| On New Year's Eve, in Baxter v. Montana, the state supreme court surprised everyone by ruling that no law in Montana statutes prohibited physician aid in dying - essentially legalizing the right for terminally ill and mentally competent people to receive physician's assistance to end their own lives. And, according to a recent Missoulian report, at least one terminally ill Montanan "ended his or her life that way..." since the ruling.
It turns out that the right to die is a popular concept in Montana, that a large majority of Montanans support the court's Baxter decision. Compassion and Choices, the advocacy group for the right to die, commissioned two surveys (pdf) from David Binder Research that showed only 25 percent of all voters think the state legislature should "overturn the Supreme Court decision, make doctor-assisted suicide a crime," while a whopping seventy percent feel "the state should allow the Supreme Court decision," either with additional safeguards (31 percent) or to stand as written (39 percent).
Of course, that the right to die is popular with Montanans won't discourage conservative Christians who oppose the policy from fighting it. And, as with the recent Missoula anti-discrimination ordinance, they're not letting the facts discourage them, either.
Check out the comment left on the April 10 Missoulian report, in which "Celebrating the Abundant Life!" compares the court's decision to the "perils of the...doctrine of eugenics and euthanasia that were defeated in World War II...We in Montana will not be coaxed down the old Humanistic path of ethnic cleansing and disposal of the 'unproductive' disabled and elderly all for the supposed good of the 'State'...", completely ignoring that the decision (pdf) explicitly states that it pertains to only those patients given 6 months or less to live, who are ruled mentally competent, and who self-administer the drugs. In no way does this decision - or any policy favored by right-to-die advocates - allow people to be killed against their will, and on the basis of their age, disability, or race.
More insidious, the Montana Family Foundation "issued an analysis" stating the court's decision "didn't legalize the practice," and that any physician who aids, in any way, a terminally ill patient's death "may still be charged for homicides..."
"The purpose of the analysis is to place the decision in perspective, and to dispel much of the misinformation surrounding the issue," said Jeff Laszloffy, president of the Montana Family Foundation.
"Contrary to recent headlines, the Supreme Court did not legalize physician assisted suicide. Medical personnel and institutions must understand that if they participate in assisted suicide they expose themselves to potential civil and criminal liability, and may even be charged with homicide," the pro-life former state legislator added.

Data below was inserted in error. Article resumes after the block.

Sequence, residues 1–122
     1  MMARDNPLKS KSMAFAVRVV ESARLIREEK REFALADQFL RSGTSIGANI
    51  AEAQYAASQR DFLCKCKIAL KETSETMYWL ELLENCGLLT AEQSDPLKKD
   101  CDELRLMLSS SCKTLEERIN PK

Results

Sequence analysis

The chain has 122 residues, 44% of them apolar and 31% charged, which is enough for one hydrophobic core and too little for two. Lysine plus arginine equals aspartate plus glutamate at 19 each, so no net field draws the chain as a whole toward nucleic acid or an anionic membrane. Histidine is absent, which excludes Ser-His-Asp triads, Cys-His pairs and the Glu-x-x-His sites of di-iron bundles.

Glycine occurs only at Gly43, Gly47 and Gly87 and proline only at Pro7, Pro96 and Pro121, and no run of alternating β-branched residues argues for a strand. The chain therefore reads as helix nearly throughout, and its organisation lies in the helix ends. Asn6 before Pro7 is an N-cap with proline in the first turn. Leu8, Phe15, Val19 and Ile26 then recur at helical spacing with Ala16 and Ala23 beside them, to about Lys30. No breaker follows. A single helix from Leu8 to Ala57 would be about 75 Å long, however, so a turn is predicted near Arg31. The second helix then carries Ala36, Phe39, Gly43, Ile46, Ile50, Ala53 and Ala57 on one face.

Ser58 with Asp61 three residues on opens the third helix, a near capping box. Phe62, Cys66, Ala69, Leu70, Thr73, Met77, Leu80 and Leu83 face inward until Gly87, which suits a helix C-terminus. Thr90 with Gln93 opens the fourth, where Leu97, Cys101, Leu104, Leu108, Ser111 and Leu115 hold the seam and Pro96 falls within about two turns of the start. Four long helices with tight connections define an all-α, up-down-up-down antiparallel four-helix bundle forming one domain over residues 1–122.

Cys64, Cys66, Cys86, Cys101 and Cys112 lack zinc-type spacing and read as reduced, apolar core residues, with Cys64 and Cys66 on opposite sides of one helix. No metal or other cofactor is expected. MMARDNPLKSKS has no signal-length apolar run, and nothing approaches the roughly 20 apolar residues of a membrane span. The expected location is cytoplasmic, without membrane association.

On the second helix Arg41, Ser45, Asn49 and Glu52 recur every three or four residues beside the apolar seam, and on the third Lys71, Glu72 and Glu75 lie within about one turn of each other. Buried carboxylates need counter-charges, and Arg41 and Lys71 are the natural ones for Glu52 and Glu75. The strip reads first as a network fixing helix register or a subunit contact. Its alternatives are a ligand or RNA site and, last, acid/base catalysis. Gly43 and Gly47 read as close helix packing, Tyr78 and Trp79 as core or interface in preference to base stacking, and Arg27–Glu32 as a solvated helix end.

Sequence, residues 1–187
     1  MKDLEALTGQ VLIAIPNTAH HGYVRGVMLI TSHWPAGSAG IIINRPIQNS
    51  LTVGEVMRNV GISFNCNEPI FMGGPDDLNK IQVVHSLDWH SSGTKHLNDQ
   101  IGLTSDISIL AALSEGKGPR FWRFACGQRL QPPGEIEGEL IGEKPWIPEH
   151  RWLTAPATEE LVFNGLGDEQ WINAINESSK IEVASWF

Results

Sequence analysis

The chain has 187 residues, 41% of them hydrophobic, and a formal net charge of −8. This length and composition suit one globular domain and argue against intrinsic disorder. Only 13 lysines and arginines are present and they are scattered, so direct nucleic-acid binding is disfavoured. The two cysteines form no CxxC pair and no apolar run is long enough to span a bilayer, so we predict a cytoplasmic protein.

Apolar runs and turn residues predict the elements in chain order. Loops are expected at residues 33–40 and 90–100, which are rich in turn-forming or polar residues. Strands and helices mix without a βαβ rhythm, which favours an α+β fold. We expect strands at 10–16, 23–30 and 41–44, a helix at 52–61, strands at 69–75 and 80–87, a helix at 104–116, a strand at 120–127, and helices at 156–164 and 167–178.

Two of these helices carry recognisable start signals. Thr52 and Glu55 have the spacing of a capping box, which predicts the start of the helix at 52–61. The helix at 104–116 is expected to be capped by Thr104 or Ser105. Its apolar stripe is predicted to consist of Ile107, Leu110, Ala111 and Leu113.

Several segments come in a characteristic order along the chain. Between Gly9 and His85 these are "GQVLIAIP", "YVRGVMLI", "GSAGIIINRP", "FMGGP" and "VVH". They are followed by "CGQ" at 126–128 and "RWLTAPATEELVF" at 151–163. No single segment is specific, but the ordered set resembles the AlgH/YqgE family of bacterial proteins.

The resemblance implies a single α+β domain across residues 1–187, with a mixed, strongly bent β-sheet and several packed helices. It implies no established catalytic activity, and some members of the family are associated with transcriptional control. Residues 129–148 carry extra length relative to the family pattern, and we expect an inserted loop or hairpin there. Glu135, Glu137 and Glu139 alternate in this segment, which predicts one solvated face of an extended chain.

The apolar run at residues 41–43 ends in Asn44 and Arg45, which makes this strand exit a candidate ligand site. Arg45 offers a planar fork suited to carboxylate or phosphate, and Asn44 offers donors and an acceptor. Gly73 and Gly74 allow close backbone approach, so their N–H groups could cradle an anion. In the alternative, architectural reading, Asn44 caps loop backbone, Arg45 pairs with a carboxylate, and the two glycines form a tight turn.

Which, of course, directly contradicts the Montana Supreme Court's decision:
The Montana constitutional rights of individual privacy and human dignity, taken together, encompass the right of a competent terminally patient to die with dignity. That is to say, the patient may use the assistance of his physician to obtain a prescription for a lethal dose of medication that the patient may take his on his own if and when he decides to terminate his life. The patient's right to die with dignity includes protection of the patient's physician from liability under the state's homicide statutes.
Obviously the Montana Family Foundation is looking to intimidate the state's physicians.
And Montana Republicans have already begun talking about banning physican aid in dying - although, and again, on a completely bogus premise unrelated to the court's decision:
[SD7's Greg] Hinkle explained that physician assisted suicide does not deal with someone who is terminally ill or on a life support system where their family members can decide turn it off. Hinkle used the example of going into diabetic shock, which is under the terminally ill category and something a person can recover from. However, now that this bill has passed, a doctor can say that a person is permanently ill and can decide to kill that person, even if they could have the potential to recover.
Be assured that neither right to die's popularity with Montana voters (see the 2008 legislature's battle over CHIP funding), nor the actual facts of the Supreme Court's decision and policy (see NotMyBathroom) will deter these folks from ramming their particular view of Christianity down our collective throat.